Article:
HOSPITAL-ACQUIRED VTE: AN ANALYSIS OF ADEQUACY OF THROMBOPROPHYLAXIS

Henry Kwang, MD*;Jason Hom, MD and Lisa Shieh, MD, PhD, Stanford Health Care, Stanford, CA

Meeting: Hospital Medicine 2017, May 1-4, 2017; Las Vegas, Nev.

Abstract number: 182

Categories: Quality Improvement, Research Abstracts

Keywords: , ,

Background:

Compared with patients in the community, patients acutely hospitalized are at higher risk of developing venous thromboembolism (VTE), contributing to patient morbidity and mortality and healthcare costs. The need for thromboprophylaxis for post-surgical patients is well-known and the importance of thromboprophylaxis for acutely-ill hospitalized medicine patients has been increasingly accepted. We aimed to analyze the adequacy of thromboprophylaxis in patients that developed VTE during admission.

Methods:

Utilizing a dataset extracted from our electronic medical records, we performed a case series analysis of patients found to have new-onset VTE over an 18 month period.  Patients were risk stratified using the Padua Prediction Score which discriminates between medical patients at high and low risk of developing VTE. Criteria for appropriate thromboprophylaxis by risk stratification and contraindications to prophylaxis were designed by a multidisciplinary team from both medical and surgical services and reviewed by a senior hematologist with specific expertise in thrombosis. Utilizing these criteria, we assessed adequacy of thromboprophylaxis prior to developing VTE during hospitalization.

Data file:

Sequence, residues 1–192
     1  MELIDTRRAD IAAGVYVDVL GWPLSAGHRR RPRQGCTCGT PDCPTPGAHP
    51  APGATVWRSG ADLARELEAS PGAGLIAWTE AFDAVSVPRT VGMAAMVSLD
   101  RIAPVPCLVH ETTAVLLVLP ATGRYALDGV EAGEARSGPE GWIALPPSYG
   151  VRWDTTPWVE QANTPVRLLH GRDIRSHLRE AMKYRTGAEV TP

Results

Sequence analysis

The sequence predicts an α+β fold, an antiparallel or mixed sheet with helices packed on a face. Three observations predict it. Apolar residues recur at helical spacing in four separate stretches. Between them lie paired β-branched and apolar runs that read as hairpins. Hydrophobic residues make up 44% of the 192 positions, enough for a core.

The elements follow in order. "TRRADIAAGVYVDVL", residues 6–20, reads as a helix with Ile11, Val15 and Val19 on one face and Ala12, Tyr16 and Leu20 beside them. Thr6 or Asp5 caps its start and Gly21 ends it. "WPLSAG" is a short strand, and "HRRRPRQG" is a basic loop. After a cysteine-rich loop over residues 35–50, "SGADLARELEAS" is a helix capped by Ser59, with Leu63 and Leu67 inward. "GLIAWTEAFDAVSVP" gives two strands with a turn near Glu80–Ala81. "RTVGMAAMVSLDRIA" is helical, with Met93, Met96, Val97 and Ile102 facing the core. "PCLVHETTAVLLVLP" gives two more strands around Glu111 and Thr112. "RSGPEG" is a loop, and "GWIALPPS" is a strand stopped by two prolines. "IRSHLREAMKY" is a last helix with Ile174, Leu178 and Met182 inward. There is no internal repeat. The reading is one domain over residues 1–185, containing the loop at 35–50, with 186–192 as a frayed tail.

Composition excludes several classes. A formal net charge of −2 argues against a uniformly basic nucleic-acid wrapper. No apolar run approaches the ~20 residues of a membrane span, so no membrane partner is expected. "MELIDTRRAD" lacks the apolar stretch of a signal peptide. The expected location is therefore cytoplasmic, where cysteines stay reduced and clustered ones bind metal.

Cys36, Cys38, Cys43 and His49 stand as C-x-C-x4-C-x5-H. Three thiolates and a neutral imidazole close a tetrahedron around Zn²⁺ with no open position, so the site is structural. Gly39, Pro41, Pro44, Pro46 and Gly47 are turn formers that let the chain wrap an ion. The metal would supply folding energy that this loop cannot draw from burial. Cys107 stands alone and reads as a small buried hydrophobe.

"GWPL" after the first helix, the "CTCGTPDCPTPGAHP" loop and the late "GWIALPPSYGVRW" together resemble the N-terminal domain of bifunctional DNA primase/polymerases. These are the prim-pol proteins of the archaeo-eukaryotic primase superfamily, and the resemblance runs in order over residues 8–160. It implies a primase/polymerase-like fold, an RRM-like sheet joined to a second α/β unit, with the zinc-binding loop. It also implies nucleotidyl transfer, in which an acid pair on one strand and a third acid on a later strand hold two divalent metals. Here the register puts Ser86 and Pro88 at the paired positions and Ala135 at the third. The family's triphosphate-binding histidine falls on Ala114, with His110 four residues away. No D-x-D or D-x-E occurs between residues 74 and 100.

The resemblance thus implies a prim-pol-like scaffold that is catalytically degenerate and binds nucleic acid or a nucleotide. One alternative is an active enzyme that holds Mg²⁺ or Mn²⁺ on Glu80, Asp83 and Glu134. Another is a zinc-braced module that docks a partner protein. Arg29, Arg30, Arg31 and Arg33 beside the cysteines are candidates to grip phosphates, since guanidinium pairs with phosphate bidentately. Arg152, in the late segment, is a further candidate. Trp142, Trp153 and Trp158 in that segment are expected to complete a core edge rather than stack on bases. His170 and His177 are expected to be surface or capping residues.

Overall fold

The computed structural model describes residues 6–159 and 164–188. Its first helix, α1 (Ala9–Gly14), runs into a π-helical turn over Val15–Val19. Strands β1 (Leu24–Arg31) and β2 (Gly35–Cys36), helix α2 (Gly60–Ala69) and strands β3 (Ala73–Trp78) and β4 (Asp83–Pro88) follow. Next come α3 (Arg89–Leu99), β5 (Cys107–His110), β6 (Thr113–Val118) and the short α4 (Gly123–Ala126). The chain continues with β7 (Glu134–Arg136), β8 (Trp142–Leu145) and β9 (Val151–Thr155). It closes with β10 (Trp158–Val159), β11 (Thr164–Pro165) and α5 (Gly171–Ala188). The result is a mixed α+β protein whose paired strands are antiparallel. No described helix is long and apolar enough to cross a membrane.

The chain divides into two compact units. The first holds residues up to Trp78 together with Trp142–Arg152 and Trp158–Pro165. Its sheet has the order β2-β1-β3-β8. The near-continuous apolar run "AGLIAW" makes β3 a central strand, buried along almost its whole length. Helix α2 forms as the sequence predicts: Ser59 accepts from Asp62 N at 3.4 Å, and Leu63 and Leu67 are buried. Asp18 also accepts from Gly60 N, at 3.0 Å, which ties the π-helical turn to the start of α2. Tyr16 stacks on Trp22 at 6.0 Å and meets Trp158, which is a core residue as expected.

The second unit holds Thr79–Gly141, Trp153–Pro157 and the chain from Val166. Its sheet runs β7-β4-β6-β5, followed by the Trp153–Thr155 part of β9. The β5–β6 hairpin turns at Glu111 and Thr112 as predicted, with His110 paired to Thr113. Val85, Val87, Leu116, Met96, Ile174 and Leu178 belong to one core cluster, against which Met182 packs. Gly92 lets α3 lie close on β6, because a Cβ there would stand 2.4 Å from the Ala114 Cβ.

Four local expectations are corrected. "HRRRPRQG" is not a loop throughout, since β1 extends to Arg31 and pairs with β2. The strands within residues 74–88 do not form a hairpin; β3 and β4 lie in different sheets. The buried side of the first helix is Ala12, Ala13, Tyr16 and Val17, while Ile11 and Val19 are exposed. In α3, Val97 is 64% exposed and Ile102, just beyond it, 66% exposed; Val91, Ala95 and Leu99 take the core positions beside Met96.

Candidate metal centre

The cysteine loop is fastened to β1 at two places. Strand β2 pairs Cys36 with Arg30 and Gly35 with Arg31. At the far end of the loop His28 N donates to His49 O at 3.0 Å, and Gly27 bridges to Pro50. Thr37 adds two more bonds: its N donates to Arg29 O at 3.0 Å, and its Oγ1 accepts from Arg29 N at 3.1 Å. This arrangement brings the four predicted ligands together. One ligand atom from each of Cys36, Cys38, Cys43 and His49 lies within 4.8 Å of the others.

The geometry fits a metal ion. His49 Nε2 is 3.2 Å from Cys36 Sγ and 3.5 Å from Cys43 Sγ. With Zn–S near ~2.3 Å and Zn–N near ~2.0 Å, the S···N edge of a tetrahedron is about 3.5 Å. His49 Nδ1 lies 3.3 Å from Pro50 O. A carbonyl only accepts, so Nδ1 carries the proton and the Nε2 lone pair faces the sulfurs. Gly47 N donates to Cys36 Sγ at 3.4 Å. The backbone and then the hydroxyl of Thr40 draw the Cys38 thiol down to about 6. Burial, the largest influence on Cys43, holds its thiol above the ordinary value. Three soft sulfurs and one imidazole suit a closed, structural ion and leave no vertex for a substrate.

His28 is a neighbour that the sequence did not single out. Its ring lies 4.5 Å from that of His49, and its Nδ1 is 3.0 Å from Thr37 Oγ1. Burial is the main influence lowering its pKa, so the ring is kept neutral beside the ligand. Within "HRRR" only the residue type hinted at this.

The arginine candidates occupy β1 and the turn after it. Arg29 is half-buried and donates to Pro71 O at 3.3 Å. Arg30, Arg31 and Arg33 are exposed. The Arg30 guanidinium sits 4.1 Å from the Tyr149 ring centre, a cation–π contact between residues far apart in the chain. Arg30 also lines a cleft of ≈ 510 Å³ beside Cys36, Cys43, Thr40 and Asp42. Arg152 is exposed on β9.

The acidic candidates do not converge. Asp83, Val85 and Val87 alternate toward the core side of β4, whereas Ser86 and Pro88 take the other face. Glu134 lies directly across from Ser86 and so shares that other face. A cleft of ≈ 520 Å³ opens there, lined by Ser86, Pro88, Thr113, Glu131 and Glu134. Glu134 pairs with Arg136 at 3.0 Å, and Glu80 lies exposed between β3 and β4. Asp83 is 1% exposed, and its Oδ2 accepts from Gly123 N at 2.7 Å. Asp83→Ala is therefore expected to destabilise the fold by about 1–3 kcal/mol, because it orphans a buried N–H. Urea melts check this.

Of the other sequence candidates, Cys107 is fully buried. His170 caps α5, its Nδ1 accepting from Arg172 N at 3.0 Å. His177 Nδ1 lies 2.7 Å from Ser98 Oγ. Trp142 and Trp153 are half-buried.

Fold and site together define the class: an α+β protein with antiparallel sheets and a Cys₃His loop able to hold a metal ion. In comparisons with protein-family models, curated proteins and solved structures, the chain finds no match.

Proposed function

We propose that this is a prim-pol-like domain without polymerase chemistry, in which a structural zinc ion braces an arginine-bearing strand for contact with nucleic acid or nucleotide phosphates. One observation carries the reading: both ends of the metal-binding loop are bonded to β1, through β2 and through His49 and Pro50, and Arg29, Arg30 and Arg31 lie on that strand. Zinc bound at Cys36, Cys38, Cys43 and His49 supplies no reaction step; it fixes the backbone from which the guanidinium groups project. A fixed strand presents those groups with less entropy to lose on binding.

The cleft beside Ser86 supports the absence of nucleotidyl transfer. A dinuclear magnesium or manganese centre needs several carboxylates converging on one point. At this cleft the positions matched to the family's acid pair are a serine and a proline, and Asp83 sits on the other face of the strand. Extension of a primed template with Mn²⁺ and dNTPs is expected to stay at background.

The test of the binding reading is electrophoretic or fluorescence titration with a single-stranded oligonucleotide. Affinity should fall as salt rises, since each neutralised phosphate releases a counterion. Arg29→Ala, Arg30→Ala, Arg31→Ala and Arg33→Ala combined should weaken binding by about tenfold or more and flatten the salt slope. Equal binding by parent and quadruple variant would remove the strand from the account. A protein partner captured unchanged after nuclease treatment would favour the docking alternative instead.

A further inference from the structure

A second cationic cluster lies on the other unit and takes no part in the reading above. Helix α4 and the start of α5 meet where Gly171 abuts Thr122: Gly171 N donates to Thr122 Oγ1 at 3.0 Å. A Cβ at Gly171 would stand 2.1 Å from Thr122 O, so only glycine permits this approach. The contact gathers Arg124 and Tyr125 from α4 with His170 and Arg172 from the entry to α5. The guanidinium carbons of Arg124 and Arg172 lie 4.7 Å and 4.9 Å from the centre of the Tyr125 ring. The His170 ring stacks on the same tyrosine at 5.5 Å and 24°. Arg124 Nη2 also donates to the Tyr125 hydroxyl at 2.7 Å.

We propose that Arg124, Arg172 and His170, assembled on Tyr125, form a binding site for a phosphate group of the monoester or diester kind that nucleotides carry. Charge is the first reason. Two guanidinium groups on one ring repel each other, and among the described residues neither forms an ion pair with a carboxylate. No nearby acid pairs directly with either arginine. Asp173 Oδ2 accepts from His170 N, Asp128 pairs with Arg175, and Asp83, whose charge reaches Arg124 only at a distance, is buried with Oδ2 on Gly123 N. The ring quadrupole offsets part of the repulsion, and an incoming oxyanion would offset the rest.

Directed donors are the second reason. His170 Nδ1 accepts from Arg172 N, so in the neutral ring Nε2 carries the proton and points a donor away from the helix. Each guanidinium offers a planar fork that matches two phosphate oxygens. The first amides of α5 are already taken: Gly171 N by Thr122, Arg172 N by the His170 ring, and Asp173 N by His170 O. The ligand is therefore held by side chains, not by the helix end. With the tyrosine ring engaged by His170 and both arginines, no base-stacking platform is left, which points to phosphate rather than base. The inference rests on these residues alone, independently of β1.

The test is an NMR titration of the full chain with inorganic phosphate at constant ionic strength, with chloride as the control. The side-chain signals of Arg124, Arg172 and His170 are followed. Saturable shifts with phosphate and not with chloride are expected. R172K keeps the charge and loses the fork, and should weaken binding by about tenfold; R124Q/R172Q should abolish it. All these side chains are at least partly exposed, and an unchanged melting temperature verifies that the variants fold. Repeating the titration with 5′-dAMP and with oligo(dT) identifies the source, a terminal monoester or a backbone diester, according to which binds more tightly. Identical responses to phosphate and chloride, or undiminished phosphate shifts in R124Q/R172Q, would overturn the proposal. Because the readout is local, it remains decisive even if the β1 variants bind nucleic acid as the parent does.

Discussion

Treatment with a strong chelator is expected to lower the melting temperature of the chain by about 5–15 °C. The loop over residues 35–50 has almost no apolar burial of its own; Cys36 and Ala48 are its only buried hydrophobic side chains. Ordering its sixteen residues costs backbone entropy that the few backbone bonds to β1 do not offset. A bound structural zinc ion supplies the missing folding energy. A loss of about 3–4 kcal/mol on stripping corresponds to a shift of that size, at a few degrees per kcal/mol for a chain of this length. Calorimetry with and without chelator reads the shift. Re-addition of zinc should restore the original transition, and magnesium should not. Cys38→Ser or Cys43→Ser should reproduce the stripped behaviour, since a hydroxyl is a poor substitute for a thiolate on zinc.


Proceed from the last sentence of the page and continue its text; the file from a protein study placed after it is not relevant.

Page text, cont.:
Results:

After exclusion of patients admitted for major surgical procedures, we in total reviewed 88 cases with hospital-acquired VTE within the Medicine department. With risk stratification assessment, 67 (76.1%) had a Padua Score ≥ 4 suggesting high risk and warranting thromboprophylaxis.

Of the 88 cases, 28 (31.8%) were deemed to have inadequate thromboprophylaxis according to the defined criteria. In 19 of these cases (67.9% of inappropriate), thromboprophylaxis was not initiated in high-risk patients who did not have contraindications at admission. The other reasons for inadequate treatment include: Not restarting thromboprophylaxis after completion of minor procedures, not restarting thromboprophylaxis after resolution of severe thrombocytopenia, and inappropriate management of Heparin-Induced Thrombocytopenia.

Conclusions:

Despite our understanding of the importance of preventing VTE in the acutely-hospitalized medicine patient, thromboprophylaxis continues to be underutilized in high-risk patients. Unsurprisingly and further supporting the utility of risk assessment models, our case series analysis for new-onset VTE during admission had far more patients stratified as high risk as compared to what we would likely see in a cross-sectional study for all-comers admitted to medical services.

Most physicians empirically assess risk for VTE and administer thromboprophylaxis accordingly, a method which can inappropriately stratify a patient. We aim to address this by implementing a new order set for VTE prophylaxis to include a built-in risk stratification calculator to guide assessment and clearly define contraindications that clinicians must select when foregoing thromboprophylaxis.

To cite this abstract:

Kwang, H; Hom, J; Shieh, L . HOSPITAL-ACQUIRED VTE: AN ANALYSIS OF ADEQUACY OF THROMBOPROPHYLAXIS. Abstract published at Hospital Medicine 2017, May 1-4, 2017; Las Vegas, Nev. Abstract 182. Journal of Hospital Medicine. 2017; 12 (suppl 2). https://www.shmabstracts.com/abstract/hospital-acquired-vte-an-analysis-of-adequacy-of-thromboprophylaxis/. Accessed November 16, 2019.

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